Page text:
But again, tons of useful information here. In many cases, the text descriptions may actually make it easier to age and sex an individual of the species, than to distinguish it from a similar species. For birders who want to age and sex individual birds, this information is useful. For birders who just want to identify a bird to the species level, the information here might be a lot to wade through--especially if there are no comments clearly outlining distinctive features or comparing similar species.
I need to reiterate that there is a LOT of text here. The Red-tailed Hawk account is well over a thousand words (I gave up trying to count!) and includes the equivalent of almost one and a half full pages! For hawkwatchers, there are lots of tips about identifying birds in flight, but not as many illustrations as in Big Sibley. This is a bit frustrating in the case of Accipiters, as the similar Sharp-shinned and Cooper's Hawks each get more than a full half page of text, but only six photos each. It is nice to have them on adjacent pages for comparison, but I'm not sure that the chosen images really provide enough information for most birders to use them in attempting this common but tricky identification challenge based on the subtle features mentioned in the text.
Maybe it is unfair to review a guide based on the more difficult identification challenges out there. Perhaps those identifications are best left to comprehensive specialty guides, in this case something like Liguori's Hawks from Every Angle or the classic Hawks in Flight, where subtle marks can be given more discussion and space for illustration. This example merely illustrates how tough it would be for any guide to be the "most useful" in any given situation.
4) Maps: I haven't gone through the maps with a fine tooth comb, but they seem to be accurate and up to date. The color scheme is familiar to old timers who cut their teeth on the old Golden Guide, with red summer ranges, blue winter ranges, and purple permanent ranges. Migration routes are marked with bright yellow (rather than the old hashed shading of the Golden Guide). Areas where out of range birds are known to wander are enclosed in yellow, red, purple, or blue dotted lines--which gives some indication of where wanderers may occasionally appear. One thing that I really liked in the Kaufman guide when it first came out were the light and dark shading to indicate relative abundance across a bird's range. Neither the Stokes guide, nor any other major guide, has kept up with that innovation.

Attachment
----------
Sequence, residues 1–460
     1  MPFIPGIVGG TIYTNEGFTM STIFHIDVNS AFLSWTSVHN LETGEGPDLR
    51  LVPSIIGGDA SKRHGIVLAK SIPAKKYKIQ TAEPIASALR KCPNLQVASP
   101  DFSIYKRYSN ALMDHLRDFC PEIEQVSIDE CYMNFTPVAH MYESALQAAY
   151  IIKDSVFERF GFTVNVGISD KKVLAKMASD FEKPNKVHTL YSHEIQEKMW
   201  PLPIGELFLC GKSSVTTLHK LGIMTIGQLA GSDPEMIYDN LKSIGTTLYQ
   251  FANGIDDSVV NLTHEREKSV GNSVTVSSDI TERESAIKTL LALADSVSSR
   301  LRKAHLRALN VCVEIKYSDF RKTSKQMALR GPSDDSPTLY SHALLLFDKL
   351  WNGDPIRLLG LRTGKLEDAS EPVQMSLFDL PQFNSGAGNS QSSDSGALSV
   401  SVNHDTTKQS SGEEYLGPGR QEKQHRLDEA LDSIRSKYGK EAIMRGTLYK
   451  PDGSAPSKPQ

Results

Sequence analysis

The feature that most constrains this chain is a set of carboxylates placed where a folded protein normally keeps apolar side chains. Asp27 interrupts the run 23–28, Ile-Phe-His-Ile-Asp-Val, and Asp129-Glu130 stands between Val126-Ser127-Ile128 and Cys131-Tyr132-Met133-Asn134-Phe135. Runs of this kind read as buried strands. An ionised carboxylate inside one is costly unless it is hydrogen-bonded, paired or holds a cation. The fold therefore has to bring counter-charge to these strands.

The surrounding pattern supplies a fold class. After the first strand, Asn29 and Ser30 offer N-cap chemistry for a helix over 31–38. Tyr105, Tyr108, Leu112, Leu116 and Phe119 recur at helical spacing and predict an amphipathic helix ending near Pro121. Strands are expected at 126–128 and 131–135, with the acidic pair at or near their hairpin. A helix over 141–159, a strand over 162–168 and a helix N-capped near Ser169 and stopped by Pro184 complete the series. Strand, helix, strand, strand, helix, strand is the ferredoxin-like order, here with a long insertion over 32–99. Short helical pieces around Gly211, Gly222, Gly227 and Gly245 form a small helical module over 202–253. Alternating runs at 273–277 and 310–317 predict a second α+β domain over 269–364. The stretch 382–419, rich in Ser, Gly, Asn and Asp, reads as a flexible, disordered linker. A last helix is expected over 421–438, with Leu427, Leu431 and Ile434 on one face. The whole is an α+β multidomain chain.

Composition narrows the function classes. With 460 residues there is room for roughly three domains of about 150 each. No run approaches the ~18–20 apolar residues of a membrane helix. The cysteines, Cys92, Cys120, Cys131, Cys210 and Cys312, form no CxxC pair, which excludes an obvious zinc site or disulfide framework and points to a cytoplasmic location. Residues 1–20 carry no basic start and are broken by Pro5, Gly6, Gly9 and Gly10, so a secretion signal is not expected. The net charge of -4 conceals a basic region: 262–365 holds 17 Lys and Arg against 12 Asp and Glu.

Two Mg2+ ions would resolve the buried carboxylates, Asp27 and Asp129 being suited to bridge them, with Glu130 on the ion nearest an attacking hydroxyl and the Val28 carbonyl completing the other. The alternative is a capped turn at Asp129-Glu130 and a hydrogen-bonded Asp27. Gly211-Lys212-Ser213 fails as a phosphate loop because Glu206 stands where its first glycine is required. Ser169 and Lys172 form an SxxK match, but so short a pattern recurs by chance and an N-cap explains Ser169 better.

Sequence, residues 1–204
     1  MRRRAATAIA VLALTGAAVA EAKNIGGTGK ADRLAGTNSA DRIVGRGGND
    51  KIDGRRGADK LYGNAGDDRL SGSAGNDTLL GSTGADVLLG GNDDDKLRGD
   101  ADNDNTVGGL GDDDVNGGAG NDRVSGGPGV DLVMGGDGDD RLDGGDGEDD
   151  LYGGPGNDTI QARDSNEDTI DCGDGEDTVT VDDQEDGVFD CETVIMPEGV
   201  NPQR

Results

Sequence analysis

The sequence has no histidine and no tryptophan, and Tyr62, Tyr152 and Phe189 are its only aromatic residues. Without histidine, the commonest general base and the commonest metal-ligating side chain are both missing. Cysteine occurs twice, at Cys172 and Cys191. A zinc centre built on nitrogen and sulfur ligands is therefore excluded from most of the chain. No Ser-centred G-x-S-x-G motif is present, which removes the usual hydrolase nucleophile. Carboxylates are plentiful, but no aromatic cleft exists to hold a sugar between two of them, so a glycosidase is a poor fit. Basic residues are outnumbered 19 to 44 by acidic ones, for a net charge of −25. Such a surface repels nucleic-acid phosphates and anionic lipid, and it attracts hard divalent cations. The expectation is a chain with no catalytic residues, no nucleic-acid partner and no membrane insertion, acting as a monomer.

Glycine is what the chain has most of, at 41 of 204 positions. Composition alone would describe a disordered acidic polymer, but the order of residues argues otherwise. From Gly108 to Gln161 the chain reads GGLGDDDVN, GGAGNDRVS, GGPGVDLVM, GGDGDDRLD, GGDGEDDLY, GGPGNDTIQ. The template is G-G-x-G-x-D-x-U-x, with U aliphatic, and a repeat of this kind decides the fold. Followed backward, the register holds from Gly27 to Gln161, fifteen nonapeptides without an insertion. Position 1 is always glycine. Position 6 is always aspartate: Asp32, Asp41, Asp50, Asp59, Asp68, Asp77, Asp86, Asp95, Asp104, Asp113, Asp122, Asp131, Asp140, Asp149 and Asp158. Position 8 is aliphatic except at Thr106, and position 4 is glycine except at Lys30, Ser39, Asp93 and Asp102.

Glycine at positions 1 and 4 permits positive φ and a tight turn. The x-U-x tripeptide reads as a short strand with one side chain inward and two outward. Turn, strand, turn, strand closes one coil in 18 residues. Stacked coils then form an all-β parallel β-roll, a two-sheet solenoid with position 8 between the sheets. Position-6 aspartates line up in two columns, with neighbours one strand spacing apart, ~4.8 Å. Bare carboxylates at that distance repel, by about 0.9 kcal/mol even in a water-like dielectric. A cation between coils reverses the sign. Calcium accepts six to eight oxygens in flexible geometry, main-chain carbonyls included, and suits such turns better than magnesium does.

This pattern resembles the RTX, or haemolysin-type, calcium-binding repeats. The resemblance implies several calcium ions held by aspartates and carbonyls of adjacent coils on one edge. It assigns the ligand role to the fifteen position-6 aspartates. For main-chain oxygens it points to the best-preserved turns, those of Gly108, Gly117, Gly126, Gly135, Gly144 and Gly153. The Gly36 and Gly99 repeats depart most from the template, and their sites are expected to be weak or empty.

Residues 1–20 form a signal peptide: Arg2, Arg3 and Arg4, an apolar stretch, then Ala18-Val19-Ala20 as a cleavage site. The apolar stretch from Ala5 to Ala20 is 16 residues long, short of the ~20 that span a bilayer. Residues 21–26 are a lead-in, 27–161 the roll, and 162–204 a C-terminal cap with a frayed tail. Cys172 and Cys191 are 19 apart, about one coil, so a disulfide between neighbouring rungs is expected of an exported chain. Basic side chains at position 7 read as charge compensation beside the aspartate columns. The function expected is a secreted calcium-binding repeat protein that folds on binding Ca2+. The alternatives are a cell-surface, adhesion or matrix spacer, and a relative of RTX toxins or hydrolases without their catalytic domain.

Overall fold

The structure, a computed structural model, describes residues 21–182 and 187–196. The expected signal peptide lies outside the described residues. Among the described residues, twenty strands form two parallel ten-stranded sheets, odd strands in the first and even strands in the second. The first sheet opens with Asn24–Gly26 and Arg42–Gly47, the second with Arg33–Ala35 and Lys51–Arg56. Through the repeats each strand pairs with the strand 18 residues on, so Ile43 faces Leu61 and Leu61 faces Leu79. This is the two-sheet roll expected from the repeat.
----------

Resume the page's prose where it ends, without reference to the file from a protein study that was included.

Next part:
There's a lot more to talk about, perhaps here in the comments section, including the associated CD of bird sounds and mini Identification Tips essays on how to ID some groups of birds like hawks, shorebirds, and gulls. Speaking of gulls, there is a lot of information on gulls here--full two-page spreads for most larger 4 year gulls. Again, this is more than found in most guides, situating the book halfway between a standard field guide, and a more detailed reference guide.
In the end, that is where this book seems to settle with me--as a bridge between field guides and more detailed reference guides. Perhaps it is most useful in that way--in the car as a stepping stone between checking in a field guide and a reference book at home. So while it wouldn't be the first book I would carry in my car (that one still goes to Big Sibley for me, Kaufman for the kids), it might well be my first choice to ride in the car as a backup to consult before checking more references back at home.
So, in summary, the Stokes guide probably really is, as advertised, "the biggest, most colorful" guide out there. As for being the most useful, I've discussed how that probably isn't the case for me, but I am enjoying other reviews online, and am interested in hearing how the book fares with the larger birding community and individual birders across a wide spectrum of interest and abilities.
Like all guides, it has its strengths and weaknesses, some of which I've pointed out. Perhaps more than most field guides, the Stokes guide is like a box of chocolates--when you look in there to identify a bird you are not always sure what you are going to get. Beautiful photos for sure. Lots of text to read. Maybe a fantastic nugget of useful info. Sometimes not as much as you might like.
But I'm a big chocolate fan, and this is a seriously big and beautiful box of chocolate. So it's a keeper and I look forward to dipping into it for years to come.
This review is written on the basis of a review copy provided by Little, Brown and Company.
Owls at 70 MPH
8 hours ago